Let’s finish our reflections from Italy, keeping in mind that finances, and managing your money well, matter everywhere. If you go to Italy, and the other European countries that I have been privileged to visit, you can’t help but notice the smaller cars and numerous motor scouters. The many narrow roads account for part of this, but, while we are experiencing very low gas prices in the U.S., the average price of gasoline in Italy for the last four months equates to $ $6.54 per gallon. OUCH! That can change your behavior.
One thing that I noticed in Italy was how much of the pricing, especially for food and souvenirs, was in even, or half Euros — for example, 6 Euro for a pizza (the best in the world for a big personal pizza in Naples), 12 Euro for a pasta dish, and 4.50 Euro for a large gelato. So it really struck me when I saw a few establishments that had more “American marketing” pricing; for example, 6.90 Euro for an item. I wondered if they had an American consultant or had spent some time in the States.
There are retail consumer protection laws in the U.S., which I was insistent upon following in Bankruptcy sales when I was on the bench, including such things as not bringing in merchandise for a "going out of business" sale without notifying the public. Also, many of us have a sense that retailers may not always be leveling with us when they set forth a list, manufacturer’s recommended or original price in connection with a sale. That being said, I witnessed a classic in Naples. On a main retail tourist street, there was a men’s clothing store that had big signs advertising final sales — 50 to 80 percent off. We noticed it as we were walking to the opera one evening. Later that evening on our way back to the hotel, when the stores were closed and it was dark, there was a panel truck parked out front unloading new suits and sport coats. Talk about “Buyer Beware."
For a last financially related reflection, in Italy, for the most part, tipping is not expected by those whom we usually tip in the United States, like waiters, bellmen, and taxi drivers who handle your luggage, unless you have received some sort of exceptional service. Even though most of us who travel to Italy know that, it is so culturally ingrained in us that we do tip anyway, where Europeans do not. What I was struck by is how genuinely appreciative they are when you do tip. It really makes you feel good about it, instead of tipping just being an automatic.
Here is a non-financially related reflection, although it could end up eventually affecting some peoples’ insurance premiums. I am one of those Italian Americans who talks a lot with their hands, which may be why I was so tuned into this. In Rome we took a Vespa Tour, where you have a driver and sit on the back, but still get to do all of those annoying things that the scooter drivers do in traffic. For a while in Southern Rome, on our way to Aqueduct Park, there was a young man on his scooter talking on his hands-free phone, but his hands were not free. He was holding on with one hand and talking very expressively with the other. The same was true for the water taxi drivers on the Grand Canal in Venice, a male and female pair of cyclists on the hills near Sorrento, and many other Italians. They definitely don’t lack for passion.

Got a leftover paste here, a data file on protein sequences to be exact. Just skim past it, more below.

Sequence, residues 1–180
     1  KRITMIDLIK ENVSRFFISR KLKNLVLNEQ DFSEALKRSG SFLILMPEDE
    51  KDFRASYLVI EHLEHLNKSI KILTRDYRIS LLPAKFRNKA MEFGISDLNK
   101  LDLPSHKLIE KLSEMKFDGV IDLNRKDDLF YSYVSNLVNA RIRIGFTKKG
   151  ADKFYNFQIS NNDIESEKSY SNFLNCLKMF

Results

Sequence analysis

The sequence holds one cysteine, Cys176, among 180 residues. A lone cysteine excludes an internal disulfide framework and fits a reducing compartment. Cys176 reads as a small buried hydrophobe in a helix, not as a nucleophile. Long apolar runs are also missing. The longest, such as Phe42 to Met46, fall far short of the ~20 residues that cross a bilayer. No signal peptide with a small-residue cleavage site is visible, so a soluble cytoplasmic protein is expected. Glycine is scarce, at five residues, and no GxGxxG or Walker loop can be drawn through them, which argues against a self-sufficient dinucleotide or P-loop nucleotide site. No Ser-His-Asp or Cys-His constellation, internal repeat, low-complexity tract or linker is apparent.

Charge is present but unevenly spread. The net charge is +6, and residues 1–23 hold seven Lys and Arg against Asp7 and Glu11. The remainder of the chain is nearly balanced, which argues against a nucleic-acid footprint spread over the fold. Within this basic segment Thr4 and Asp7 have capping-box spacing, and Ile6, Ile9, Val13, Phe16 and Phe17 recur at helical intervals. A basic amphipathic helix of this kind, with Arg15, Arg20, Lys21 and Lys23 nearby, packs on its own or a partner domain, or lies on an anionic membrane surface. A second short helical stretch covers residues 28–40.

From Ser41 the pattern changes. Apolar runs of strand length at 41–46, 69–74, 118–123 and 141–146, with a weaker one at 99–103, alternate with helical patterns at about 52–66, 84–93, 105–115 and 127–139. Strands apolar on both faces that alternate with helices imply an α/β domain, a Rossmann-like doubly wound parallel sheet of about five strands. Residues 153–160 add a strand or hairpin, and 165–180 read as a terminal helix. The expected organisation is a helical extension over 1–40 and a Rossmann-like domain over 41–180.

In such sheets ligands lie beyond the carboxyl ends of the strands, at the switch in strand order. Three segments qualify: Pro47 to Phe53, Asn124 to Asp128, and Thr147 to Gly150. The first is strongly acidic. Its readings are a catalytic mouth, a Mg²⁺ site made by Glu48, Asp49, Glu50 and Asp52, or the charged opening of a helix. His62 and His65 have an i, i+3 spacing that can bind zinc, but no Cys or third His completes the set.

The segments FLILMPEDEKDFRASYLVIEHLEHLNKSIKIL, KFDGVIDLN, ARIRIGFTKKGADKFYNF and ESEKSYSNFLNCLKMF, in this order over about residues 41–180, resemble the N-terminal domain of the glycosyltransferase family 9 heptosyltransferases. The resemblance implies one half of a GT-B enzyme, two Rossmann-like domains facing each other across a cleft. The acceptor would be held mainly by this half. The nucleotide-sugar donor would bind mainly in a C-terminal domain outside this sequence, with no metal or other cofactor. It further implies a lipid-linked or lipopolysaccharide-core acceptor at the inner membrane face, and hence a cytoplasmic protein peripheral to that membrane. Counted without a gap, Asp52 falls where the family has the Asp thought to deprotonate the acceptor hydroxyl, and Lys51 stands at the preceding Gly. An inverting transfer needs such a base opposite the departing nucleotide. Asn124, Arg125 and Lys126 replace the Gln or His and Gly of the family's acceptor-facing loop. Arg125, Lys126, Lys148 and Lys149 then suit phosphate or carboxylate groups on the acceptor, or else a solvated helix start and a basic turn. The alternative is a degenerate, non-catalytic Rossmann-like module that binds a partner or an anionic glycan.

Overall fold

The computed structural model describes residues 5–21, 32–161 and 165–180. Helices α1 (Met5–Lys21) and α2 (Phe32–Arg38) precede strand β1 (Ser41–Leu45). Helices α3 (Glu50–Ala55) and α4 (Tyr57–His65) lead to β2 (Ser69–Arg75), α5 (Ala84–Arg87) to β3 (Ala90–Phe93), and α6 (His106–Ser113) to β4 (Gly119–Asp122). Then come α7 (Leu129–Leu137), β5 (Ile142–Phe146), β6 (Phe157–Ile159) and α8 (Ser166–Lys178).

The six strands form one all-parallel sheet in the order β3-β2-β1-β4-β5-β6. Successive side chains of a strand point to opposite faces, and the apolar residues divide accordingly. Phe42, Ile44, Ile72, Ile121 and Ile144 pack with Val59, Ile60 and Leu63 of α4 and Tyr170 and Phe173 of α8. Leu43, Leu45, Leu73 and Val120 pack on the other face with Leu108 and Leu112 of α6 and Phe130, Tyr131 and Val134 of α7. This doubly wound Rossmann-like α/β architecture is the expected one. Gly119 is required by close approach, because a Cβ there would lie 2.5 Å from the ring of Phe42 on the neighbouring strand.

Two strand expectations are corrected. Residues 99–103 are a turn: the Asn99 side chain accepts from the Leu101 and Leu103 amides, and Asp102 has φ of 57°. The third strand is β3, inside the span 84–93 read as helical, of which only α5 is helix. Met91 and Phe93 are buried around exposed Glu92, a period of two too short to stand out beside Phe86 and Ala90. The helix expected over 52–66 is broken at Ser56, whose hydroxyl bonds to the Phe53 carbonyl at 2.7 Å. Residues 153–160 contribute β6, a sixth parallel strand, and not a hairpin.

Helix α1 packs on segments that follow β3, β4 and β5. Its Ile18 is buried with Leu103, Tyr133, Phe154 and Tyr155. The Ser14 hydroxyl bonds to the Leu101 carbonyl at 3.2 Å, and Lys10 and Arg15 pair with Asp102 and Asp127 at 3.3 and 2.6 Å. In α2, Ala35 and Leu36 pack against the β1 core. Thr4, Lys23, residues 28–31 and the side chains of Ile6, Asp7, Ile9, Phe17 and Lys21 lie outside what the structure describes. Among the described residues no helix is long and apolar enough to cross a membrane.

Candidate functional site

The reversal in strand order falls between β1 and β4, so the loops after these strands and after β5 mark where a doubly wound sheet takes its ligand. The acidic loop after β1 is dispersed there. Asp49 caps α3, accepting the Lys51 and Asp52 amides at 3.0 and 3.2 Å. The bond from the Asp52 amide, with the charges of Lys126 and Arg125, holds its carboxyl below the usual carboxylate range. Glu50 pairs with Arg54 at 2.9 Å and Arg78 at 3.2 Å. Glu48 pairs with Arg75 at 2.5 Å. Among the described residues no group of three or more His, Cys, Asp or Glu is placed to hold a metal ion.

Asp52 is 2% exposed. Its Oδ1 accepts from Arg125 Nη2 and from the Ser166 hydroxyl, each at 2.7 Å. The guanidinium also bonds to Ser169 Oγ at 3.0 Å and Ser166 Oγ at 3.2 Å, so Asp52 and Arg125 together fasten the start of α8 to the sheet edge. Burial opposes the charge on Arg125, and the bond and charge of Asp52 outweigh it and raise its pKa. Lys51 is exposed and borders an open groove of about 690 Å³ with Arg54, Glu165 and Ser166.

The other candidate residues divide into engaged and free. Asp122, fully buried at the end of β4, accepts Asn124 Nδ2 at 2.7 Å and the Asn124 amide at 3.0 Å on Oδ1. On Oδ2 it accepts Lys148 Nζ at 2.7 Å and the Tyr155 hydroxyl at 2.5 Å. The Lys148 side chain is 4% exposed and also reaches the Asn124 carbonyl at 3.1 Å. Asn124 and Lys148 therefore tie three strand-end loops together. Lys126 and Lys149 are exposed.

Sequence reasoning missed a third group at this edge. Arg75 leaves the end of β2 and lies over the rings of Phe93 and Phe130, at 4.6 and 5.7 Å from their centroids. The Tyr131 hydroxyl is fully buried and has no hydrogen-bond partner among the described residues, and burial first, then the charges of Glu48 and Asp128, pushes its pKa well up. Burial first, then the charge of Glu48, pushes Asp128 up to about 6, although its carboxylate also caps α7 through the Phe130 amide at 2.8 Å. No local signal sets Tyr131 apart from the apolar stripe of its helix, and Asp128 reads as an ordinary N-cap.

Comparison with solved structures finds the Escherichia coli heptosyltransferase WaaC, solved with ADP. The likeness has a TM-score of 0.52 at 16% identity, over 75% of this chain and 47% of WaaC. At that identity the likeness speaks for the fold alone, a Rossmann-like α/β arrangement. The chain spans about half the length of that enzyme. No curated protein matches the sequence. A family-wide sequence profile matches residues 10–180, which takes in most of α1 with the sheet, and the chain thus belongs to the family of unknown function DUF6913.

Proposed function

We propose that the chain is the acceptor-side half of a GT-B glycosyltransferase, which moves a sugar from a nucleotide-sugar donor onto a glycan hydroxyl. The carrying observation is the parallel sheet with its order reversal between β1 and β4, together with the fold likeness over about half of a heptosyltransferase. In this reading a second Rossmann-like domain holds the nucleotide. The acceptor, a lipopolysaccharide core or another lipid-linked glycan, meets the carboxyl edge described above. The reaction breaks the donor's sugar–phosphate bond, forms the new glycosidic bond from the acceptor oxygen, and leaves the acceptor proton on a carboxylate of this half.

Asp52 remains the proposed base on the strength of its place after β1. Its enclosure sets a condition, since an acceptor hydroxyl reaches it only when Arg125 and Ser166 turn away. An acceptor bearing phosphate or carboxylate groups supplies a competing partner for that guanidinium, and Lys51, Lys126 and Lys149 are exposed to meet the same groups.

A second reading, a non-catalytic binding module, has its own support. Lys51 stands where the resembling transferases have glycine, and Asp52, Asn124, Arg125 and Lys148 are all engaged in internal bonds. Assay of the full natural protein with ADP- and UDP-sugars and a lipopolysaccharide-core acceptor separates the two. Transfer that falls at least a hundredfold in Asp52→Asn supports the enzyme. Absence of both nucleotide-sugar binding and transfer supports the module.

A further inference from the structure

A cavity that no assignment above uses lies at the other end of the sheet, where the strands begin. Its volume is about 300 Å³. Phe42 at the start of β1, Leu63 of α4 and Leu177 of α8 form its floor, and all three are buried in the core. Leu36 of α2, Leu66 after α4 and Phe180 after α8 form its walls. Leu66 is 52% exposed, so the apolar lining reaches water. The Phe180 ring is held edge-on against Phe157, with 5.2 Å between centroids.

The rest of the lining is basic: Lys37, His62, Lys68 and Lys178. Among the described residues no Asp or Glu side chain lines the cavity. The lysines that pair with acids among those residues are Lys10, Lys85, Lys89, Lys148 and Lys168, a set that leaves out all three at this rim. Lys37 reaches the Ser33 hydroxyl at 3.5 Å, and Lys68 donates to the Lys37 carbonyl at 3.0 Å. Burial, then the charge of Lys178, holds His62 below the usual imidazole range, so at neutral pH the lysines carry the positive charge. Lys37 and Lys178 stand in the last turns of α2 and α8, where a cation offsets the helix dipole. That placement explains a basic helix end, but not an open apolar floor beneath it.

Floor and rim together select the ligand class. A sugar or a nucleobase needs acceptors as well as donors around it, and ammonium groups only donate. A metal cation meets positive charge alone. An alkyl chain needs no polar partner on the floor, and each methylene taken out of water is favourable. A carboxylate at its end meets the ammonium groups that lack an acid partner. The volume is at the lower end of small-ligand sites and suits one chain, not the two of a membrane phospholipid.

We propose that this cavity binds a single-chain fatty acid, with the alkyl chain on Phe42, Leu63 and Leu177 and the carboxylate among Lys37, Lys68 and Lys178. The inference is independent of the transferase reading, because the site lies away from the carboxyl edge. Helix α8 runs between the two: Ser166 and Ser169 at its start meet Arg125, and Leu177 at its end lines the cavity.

Returning back home, it is the middle of July, and I noticed that the back-to- school sales have already started. It makes for a good time to start looking around to do some comparison shopping, if you have not already been doing that. There will be plenty of sales this summer, so what is that real “original price,” and what is really a good price for that article you are looking at, sale or no sale? Also, don’t forget the internet.
Lastly, thank you USA Today for finally focusing on a topic that we have discussed a lot in this column, including in our recent series on free college: SYSTEMIC GRADE
INFLATION. If you missed the recent USA Today article, “Trends Suggest GPAS are inflated,” here are some of the highlights. In 1998, 38.9 percent of high school seniors graduated with an A average, whereas in 2016, the percentage was 47 percent. During the same period, SAT scores dropped from 1026 to 1002. In addition, close to 50 percent of all college grades today are A’s.
Perhaps the message for parents is to make sure that your child is really getting a good education, not just good grades.
John Ninfo is a retired bankruptcy judge and the founder of the National CARE Financial Literacy Program. Find his previous weekly columns at http://www.mpnnow.com/search?text=Ninfo or at http://www.monroecopost.com/search?text=Ninfo